Our organizational structure (Table 2) allows us to recruit nationally known leaders including researchers, extension agents, master gardeners, nonprofit directors, growers, retailers and industry providers. Three goal committees (Community, Economic and Environmental) interact with three advisory councils representing different consumer horticulture sectors. The goal committees prioritize and plan work to fulfill the initiative’s mission.
The councils (Land Grant, Commercial and Non-Profit) each provide industry- and sector-specific input and guidance. The Executive Committee manages the general business of the organization and ensures equality and open communication to all stakeholders, sup- ported by marketing expertise.
Tom Bewick from the USDA’s National Institute of Food and Agriculture serves as an external advisor.
How will NICH benefit the retail garden and nursery industry?
NICH aims to grow a culture where plants are considered a necessity rather than a luxury. Envision a society where people of all ages garden or engage with plants for their well-being every day of the year. More gardeners and consumers of garden-related goods and services will mean an increased demand and sales for plants and related products.
By developing a cohesive voice, NICH will position consumer horticulture to be more successful in leveraging public fund- ing from USDA’s Specialty Crop Research Initiative and other sources, thereby grow- ing the entire industry. NICH will conduct comprehensive industry-wide research; implement prioritized research objectives; document economic impacts; and articulate the social and environmental benefits of consumer horticulture.
NICH seeks to build a strong case for continued support that will benefit university research and extension personnel, as well as school gardens and community green spaces.
Ultimately, NICH aims to raise the profile of consumer horticulture and esteem for those who work in the trade including landscapers, growers and suppliers to the industry.
There are many ways, big and small, that members of the nursery industry can become involved with NICH.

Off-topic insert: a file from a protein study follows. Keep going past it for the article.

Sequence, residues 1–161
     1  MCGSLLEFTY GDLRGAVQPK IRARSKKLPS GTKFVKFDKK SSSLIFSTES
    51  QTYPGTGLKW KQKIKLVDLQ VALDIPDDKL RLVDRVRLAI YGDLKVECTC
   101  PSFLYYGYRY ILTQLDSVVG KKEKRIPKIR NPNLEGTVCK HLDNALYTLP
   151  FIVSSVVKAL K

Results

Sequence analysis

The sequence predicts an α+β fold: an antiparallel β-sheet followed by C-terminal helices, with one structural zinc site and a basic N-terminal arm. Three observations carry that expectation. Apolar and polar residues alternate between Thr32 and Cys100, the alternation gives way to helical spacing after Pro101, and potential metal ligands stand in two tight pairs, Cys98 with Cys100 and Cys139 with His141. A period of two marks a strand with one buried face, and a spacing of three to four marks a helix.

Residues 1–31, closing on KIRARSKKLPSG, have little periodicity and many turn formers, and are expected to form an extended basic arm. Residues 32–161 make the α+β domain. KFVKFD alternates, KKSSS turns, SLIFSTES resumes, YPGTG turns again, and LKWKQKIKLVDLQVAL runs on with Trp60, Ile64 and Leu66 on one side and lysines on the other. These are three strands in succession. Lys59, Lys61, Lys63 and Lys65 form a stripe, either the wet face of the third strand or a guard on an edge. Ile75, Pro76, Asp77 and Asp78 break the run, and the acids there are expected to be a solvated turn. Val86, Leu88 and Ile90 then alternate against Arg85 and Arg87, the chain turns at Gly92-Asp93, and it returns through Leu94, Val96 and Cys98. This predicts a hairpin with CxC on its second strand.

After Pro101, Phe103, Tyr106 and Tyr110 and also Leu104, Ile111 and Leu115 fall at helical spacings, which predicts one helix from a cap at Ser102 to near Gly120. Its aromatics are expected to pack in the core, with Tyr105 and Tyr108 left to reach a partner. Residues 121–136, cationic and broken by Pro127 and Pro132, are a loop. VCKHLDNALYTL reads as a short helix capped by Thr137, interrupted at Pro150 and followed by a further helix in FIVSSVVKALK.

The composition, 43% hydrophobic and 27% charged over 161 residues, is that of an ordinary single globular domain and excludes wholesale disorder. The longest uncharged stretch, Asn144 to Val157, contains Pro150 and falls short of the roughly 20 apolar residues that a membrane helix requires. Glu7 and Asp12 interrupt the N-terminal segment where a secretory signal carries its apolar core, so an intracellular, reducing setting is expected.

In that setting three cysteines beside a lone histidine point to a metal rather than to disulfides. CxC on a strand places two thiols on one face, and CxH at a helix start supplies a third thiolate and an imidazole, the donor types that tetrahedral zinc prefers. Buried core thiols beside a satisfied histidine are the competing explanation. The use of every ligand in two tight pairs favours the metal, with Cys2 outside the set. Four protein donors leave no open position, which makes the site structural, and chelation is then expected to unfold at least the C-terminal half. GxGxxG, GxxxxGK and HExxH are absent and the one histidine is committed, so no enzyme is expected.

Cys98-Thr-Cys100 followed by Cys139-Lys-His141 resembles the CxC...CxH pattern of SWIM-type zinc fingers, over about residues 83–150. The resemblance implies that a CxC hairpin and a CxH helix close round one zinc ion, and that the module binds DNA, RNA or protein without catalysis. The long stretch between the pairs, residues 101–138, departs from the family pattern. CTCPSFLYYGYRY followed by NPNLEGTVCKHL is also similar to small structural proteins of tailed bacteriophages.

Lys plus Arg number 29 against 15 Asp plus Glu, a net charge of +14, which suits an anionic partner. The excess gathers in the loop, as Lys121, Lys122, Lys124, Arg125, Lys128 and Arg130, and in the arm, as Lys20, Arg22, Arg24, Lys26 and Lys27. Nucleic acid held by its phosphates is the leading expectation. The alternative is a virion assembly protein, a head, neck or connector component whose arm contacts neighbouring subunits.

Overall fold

First and foremost is to join the organization. If you are unable to commit to more active efforts, you could be involved by monitoring future growth and successes via the listerv, or you could recommend someone who should be involved in an industry grant review panel.
Other opportunities include helping spread the word about NICH, offering your expert advice, or getting involved with a group of like-minded passionate leaders with a committee or council that suits your time and talent. All have major impacts on the effort.
To join NICH or learn more about the initiative, visit www.ConsumerHort.org for more information.
Gail Langellotto is an associate professor and Extension specialist in the Department of Horticulture at Oregon State University. Contact her at email@example.com.
D. Casey Sclar is executive director of the American Public Gardens Association. Contact him at firstname.lastname@example.org.
Ellen Bauske is a public service senior at the Center for Urban Agriculture, University of Georgia. Contact her at email@example.com.
Tom Underwood is executive director of the American Horticultural Society. Contact him at firstname.lastname@example.org.
Susan McCoy is the owner of Garden Media Group. Contact her at email@example.com.
Tom Bewick is national program leader in the Division of Plant Systems-Production at the United States Department of Agriculture’s National Institute of Food and Agriculture. Contact him at firstname.lastname@example.org.